By Mike Ross, Director of FACTS Product Line at AMSC
Intro: Mining and Its Impact on the Grid
Australia’s decade-long resource boom has increased mining industry value by more than 150% which significantly boosted domestic economy and raised local income as well as helped Australia to become a global leader in mining equipment and technology. However, large motors and drives used in mining can shift the power factor of the utility grid system away from the desired unity level, thereby decreasing the efficiency and security of the power system, not to mention potentially degrading equipment. Therefore, the influx of large inductive loads connected to the utility power system can wreak havoc on the electricity grid.
At large industrial sites, power quality – with voltage stability being a key criterion – is essential both for reliable operation of large 3-phase motors as well as avoidance of adverse impacts, such as brown-outs, at adjacent customers. Technically, the “quality” of power at a large industrial site is a function of how precisely reactive power is managed. Power factor, phase angle and VARS are all typical metrics, but VAR management is the paramount measure. By selecting an appropriate STATCOM system, such as AMSC’s D-VAR system, line voltage, power factor, and VAR (volt amperes reactive) power can be maintained within precise parameters. AMSC’s D-VAR system is capable of precise management of the VARs needed to regulate voltage and quickly drive voltages to acceptable levels.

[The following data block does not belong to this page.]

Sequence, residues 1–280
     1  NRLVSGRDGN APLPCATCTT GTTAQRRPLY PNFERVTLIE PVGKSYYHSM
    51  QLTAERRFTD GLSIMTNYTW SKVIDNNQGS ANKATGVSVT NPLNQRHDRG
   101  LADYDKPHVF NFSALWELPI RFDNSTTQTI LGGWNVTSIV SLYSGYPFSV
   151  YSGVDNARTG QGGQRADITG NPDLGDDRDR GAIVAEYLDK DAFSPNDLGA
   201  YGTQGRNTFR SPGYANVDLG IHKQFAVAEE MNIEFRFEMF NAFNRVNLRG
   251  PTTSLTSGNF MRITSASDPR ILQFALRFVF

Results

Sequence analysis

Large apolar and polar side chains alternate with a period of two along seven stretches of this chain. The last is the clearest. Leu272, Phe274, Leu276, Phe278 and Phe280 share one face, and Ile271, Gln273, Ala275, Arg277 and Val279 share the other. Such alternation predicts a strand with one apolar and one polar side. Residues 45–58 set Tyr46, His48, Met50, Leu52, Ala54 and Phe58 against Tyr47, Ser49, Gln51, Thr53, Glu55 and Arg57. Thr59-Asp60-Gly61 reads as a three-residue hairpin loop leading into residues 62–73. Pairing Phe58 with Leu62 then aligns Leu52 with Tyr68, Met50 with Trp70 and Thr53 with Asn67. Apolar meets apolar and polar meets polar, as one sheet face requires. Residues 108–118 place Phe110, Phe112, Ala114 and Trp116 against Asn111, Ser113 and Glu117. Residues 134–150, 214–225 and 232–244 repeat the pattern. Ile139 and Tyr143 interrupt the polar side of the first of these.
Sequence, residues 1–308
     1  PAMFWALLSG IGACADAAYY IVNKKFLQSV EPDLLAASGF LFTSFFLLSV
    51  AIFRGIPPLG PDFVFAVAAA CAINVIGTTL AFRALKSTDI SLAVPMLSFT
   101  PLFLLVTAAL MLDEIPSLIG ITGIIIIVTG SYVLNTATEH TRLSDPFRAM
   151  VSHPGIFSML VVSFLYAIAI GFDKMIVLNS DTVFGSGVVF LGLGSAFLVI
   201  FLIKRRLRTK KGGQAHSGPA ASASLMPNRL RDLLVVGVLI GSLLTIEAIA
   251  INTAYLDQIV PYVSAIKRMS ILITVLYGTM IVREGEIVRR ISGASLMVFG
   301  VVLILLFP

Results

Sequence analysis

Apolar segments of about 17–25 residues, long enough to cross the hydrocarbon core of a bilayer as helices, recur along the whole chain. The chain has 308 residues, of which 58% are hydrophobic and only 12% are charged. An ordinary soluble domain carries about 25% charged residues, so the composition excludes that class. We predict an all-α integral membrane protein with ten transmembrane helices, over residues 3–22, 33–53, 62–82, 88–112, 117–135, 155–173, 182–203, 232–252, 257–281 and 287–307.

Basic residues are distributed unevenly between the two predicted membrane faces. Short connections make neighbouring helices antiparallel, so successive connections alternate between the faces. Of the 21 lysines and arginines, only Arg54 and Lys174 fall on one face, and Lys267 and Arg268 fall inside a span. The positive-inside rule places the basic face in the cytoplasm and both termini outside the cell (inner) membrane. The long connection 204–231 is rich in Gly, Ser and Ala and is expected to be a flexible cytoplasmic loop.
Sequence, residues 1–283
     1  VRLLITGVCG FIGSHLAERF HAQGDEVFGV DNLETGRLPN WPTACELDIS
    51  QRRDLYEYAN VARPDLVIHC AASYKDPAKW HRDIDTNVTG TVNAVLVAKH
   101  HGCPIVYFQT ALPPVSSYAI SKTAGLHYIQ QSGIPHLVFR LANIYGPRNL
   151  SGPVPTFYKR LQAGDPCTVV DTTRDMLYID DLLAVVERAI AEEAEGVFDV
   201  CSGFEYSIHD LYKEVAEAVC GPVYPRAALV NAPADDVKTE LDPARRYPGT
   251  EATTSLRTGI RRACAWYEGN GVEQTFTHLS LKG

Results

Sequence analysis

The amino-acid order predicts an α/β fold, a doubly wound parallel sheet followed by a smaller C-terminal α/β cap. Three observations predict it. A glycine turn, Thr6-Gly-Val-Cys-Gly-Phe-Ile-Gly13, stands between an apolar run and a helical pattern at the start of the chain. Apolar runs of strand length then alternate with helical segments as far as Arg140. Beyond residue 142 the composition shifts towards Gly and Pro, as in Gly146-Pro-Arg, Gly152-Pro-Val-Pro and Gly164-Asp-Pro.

Field Application of D-VAR Systems
AMSC has deployed D-VAR systems worldwide. In Australia, where mining, liquefied natural gas facilities and wind power parks are also seeing substantial growth, interest in D-VAR systems have grown, too. For instance, the OZ Minerals Prominent Hill mine, opened in South Australia in 2009, has become a showcase for high power quality by virtue of their installation of AMSC’s D-VAR system.
The OZ Minerals copper concentrator uses high powered crushing, grinding and flotation equipment. The plant’s peak demand can be as high as 35 MW. As a consequence of the large individual motor loads at the plant and the characteristics of the local grid, OZ Minerals early on sought electrical engineering studies to identify grid reinforcement and power quality needs. Their search ultimately resulted in the installation of a state-of-the-art D-VAR system, and ancillaries, designed and sold by AMSC.
In anticipation of the new 35 MW load at the mine, AMSC carried out system planning studies of the local area grid. These studies substantiated the need for additional steady-state reactive support at the Prominent Hill 11 kV bus serving the mine over and above that for unity power factor correction of the large motor loads. Specifically, design for the voltage control and power factor correction.
Load flow studies showed the likely effects of uncompensated normal mill motor starts. The mine features two sets of motors for the ball mill and SAG mill. Each mill startup includes two 6 MW motors that draw a maximum of 130% of rated full load current for up to 20 seconds. The two mills are typically started with about a 30-minute interval.